It’s still too soon to tell. But as Steven Thomas* points out, the first three weeks in April have bucked 8 years of rock solid statistics. As usual, the number of homes for sale has increased. What’s different is that we’ve sold 6% fewer homes than we did last April. Increased interest rates and reduced tax incentives may well be the cause.
A 6% slide in 3 weeks can easily be a blip. Or it can signal the beginning of a local correction.
Experts disagree on the health of the real estate market and their arguments run the gamut. All have sound logic, ranging from home prices accelerating faster than the cost of living adversely impacting affordability, to job growth and signs of local economic stability. Yet with such extremely unprecedented market forces, a la Trump-enomics, no one can say with certainty what will actually come next. Certainly if our economy remains strong and mortgage interest rates don’t rise too dramatically, too fast, then we can call this most recent anomaly a blip – not the much prophesied “tipping point”.
However if, as some experts predict, the new income tax changes spur residents of California (and other high cost areas) to move to states with lower home prices, there could be big changes. Migration would make sense because traditional geographic work centers already appear to be changing, making it easier for employees to work from almost anywhere.
The majority of my own work is now done from home where I am free from interruptions while analyzing market data. Yet I am obviously tied to Orange County, because the product I sell is here. However, my boyfriend works in sales and commutes to his office less than twice each week on average, and he could do his job from almost anywhere. Another friend of ours has worked for a California lending firm for several years, in spite of having moved to Costa Rica. He flies in when it’s important for him to attend meetings. When I consider all of my closest friends, the vast majority work from home versus commuting to offices most of their work weeks.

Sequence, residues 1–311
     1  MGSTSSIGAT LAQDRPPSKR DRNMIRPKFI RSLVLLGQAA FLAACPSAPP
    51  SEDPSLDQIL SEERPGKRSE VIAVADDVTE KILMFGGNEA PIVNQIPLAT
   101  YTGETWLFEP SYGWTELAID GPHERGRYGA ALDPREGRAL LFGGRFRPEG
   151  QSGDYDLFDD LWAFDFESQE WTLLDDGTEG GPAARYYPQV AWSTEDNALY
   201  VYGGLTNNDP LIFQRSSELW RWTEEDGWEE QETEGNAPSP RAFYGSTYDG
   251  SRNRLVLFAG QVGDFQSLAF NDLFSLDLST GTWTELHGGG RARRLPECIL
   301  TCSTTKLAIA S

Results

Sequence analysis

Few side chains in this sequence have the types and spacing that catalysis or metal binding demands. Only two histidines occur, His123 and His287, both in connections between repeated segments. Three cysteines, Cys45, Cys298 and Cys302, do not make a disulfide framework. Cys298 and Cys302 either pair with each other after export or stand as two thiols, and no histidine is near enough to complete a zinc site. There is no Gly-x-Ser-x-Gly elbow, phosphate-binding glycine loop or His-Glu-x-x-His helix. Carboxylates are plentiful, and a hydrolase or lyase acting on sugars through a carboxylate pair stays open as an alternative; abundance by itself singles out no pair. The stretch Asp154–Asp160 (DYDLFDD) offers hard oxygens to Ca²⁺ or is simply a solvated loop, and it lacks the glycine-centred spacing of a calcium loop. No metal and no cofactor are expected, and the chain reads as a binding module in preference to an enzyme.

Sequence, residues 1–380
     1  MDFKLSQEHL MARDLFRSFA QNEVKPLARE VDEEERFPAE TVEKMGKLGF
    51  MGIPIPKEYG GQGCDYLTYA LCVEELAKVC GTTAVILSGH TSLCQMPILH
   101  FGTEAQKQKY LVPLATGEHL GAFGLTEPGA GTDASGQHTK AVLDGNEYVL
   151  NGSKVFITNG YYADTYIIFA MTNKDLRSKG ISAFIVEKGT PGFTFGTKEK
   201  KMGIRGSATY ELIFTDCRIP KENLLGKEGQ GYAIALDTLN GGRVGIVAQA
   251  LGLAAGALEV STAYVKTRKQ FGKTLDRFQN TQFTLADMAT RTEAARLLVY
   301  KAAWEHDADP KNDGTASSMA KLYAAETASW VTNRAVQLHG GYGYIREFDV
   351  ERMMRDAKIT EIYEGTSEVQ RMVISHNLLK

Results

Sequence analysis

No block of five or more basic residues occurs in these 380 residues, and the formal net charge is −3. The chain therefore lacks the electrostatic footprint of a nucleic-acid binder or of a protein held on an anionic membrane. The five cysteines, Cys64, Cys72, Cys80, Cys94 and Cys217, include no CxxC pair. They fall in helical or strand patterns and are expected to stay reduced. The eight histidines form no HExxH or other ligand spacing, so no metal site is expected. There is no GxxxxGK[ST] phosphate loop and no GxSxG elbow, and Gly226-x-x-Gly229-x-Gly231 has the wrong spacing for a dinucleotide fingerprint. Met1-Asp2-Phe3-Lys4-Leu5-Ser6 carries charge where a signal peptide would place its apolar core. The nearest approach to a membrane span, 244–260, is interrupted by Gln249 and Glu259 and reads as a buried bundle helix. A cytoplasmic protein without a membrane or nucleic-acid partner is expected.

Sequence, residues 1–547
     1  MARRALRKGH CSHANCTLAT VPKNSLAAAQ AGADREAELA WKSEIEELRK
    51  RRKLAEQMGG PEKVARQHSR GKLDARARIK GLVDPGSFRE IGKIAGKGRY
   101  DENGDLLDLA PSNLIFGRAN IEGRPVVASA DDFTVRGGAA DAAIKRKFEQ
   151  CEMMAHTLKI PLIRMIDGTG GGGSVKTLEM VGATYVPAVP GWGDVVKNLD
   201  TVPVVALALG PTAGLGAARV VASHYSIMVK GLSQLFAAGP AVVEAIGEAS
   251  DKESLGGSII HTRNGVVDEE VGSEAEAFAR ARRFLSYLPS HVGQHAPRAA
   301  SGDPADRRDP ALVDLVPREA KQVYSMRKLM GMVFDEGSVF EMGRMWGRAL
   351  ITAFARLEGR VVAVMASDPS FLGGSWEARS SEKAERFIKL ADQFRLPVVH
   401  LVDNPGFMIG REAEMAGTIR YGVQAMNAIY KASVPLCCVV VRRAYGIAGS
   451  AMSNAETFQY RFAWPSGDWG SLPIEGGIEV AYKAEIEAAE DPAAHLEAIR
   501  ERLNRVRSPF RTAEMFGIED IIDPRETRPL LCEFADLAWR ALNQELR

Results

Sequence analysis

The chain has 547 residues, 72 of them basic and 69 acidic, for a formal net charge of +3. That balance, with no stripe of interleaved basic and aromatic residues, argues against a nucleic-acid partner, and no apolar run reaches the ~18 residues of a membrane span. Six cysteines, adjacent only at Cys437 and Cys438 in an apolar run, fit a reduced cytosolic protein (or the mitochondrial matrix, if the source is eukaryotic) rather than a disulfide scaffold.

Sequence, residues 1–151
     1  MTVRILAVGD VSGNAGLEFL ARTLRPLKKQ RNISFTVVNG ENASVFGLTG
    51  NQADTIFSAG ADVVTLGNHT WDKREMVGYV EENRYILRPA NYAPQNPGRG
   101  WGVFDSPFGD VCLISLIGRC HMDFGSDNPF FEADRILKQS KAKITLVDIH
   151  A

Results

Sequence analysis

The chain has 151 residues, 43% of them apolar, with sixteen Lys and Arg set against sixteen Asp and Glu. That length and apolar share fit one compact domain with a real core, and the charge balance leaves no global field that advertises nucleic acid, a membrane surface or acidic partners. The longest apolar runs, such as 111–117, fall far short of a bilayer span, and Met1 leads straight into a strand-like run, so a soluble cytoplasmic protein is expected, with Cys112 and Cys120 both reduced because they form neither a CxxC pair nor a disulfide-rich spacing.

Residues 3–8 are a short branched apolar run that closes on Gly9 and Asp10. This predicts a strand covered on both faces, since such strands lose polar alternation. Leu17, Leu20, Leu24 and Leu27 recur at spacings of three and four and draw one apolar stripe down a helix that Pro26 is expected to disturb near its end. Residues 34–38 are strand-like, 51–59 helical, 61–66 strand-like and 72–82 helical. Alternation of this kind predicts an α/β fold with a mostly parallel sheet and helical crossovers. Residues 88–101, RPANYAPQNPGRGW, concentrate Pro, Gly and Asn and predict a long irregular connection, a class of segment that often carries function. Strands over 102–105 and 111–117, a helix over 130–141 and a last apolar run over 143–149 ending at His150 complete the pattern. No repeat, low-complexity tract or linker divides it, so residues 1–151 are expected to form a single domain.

According to LinkedIn, 22 of the top 50 Companies where Americans want to work are technology software or device making firms. A few are headquartered in Southern California and most have offices here. If you don’t work in technology, you may be open to moving away.
(After my recent visit to Australia where coastal homes cost an average $750,000 USD, I understand the temptation to pull up stakes.)
As I mentioned in my January 7th report, the new tax code changes reduced the average California home buyer’s first year tax incentive from $5782 to $362. Interest rates have also ticked up .50% this year, increasing the (80%) loan payment for this same home by $1,500 annually. The combined “costs” to own now versus last year equals + $6920 in the first year. That’s enough to make some folks reconsider.
So what does this all mean?
It means we have slightly more sellers than buyers compared to prior years. So sellers need to be spot on with their list prices, or their homes will take longer to sell.
Buyers may have less buying competition. But they’ve already made it clear that they’re not happy effectively paying more to own the same home, no less paying a higher price for it. I do not expect them to skip happily into a spring buying frenzy as we’ve seen in years past. They’ll continue to dig in their heels and wait for interest rates or home prices to fall, bringing their costs back down. Neither of which are going to happen.
I expect prices to stall while buyers figure this new reality out. If interest rates continue to rise, this stalemate may last several months. If they don’t, I expect to see a surge in units sold and modestly higher prices by late summer, with a year end total of homes sold pretty similar to last year.
If there is significantly catastrophic news, like unprecedented poor earnings for local companies, disastrous job reports or threats of war or other terrorist activity targeting our immediate area, then this blip will certainly tip and we can expect to see the beginning of a population exodus and falling home prices.
Obviously the latter is highly improbable. So either sell your homes now, offering buyer assistance with their costs or even short term financing to make your home appeal to cost conscious buyers. Otherwise plan to be a patient and carefully negotiate the best deal you can without being ridiculous.
Call me for advice about how to navigate this changing real estate market. It’s beginning to get interesting.